Editorial: National vigilance
With no direct contact with the war zone Turkey invented maritime borders with part of war-torn Libya in order to dispute Greece’s Exclusive Economic Zone, as defined by the 1982 UN Law of the Sea Convention.
The instability and complexity that prevail in the broader region of the Southeastern Mediterranean are for Greece endangering issues of national importance and national rights.
The wealth that is hidden under the sea is attracting everyone, intensifying adventurism, and aggravating competition.
Undoubtedly many supra-national and national forces – many with not so innocent intentions – are active in the region.
Multinationals, big powers, regional nations, and all sorts of adventurists act as they see fit with no concern for the region and its people.
That stands true first of all for Turkey which believes it has found an opportunity to exhibit the arbitrary expansionism of its leader and expand the field of its illegal, putative “interests”.
It is using Libya as a battering ram and a basis for disputing the interests of others.
With no direct contact with the war zone it invented maritime borders with part of war-torn Libya in order to dispute Greece’s Exclusive Economic Zone, as defined by the 1982 UN Law of the Sea Convention.
At the same time Turkey is disputing the sovereignty of the Greek islands in the Aegean.
Turkey’s untrammeled audacity and enormous provocations have led to not unfounded suspicions that Ankara is getting ready for extremely bellicose acts against Greece.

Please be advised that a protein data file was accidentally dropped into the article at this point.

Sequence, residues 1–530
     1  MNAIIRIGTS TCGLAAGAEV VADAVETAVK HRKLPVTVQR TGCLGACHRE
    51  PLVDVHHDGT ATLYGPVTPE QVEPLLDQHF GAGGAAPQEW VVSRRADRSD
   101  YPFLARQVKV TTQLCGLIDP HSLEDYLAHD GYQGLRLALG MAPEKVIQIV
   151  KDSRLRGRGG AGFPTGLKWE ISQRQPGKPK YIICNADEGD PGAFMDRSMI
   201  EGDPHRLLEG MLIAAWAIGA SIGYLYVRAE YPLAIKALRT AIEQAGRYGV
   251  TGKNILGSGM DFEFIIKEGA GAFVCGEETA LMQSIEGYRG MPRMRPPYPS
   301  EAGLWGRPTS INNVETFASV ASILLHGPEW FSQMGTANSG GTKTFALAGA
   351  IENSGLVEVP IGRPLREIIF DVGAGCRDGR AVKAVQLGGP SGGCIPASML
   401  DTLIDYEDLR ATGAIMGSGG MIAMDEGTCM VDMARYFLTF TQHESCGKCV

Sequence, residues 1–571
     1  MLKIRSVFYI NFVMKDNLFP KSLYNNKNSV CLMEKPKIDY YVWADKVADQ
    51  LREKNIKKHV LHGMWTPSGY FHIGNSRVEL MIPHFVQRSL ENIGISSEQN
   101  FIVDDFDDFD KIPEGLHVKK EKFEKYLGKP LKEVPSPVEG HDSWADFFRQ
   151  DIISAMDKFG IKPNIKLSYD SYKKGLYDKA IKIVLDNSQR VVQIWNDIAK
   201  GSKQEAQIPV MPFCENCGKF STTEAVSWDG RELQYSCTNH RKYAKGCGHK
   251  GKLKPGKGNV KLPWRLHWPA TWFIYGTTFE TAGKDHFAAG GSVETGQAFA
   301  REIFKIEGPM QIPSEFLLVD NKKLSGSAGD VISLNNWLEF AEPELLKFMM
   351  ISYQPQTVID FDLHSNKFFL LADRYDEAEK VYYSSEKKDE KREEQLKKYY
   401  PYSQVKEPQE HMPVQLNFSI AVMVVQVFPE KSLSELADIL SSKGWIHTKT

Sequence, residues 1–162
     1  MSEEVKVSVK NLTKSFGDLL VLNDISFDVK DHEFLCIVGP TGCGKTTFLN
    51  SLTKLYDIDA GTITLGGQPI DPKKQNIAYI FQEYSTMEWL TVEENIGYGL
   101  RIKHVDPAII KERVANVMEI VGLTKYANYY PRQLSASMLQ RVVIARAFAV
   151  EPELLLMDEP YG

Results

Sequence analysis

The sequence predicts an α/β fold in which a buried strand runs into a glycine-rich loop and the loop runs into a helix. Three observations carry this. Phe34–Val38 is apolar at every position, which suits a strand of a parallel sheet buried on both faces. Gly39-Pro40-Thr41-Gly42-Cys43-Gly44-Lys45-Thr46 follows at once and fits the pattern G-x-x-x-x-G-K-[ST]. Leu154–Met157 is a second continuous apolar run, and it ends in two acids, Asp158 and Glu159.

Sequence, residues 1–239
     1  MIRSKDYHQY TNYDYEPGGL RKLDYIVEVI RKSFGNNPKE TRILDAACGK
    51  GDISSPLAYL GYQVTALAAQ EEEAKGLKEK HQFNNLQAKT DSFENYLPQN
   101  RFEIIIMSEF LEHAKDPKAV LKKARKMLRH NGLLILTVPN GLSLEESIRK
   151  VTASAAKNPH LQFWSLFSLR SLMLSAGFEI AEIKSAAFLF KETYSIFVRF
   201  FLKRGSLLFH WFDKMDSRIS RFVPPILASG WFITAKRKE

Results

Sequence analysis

In this it is unfortunately aided by international conditions and the vacillation and unstable stance of the West.
Most superpowers and natural allies of Greece are tending to their interests rather than acting based on EU principles.
The 19 January Berlin Conference on the Libya crisis and Greece’s exclusion from it offer ample confirmation of the above.
Greek public opinion rightly believes that Athens will handle a prospective foreign crisis on its own and that it should be preparing for such an eventuality.
Old constants are vanishing and alliances do not appear so close and they appear unable to avert harsh, undesirable events.
Under such conditions and without underestimating the possibilities of diplomacy Greece and its political forces are obliged to be vigilant and work to do away with hostile conditions of sterile and imprudent disputes.
The times demand a different stance and behavior on the part of the country’s dominant political forces.
It is not unlikely that Greece will be tested in the near future and will have to manage difficult situations that demand national unity and the greatest possible consensus.
At the same time there must be a collective decision on restructuring the state, the economy, and national defence.
The almost universal acceptance of the presidential nomination of Council of State Chief Justice Ekaterini Sakellaropoulou is a sign of progress and sets a standard for a political understanding and stance in this tumultuous period.
There are also other areas in which a broad consensus on overarching national affairs can be achieved.
There is room in our era for the usual divisions between Greeks.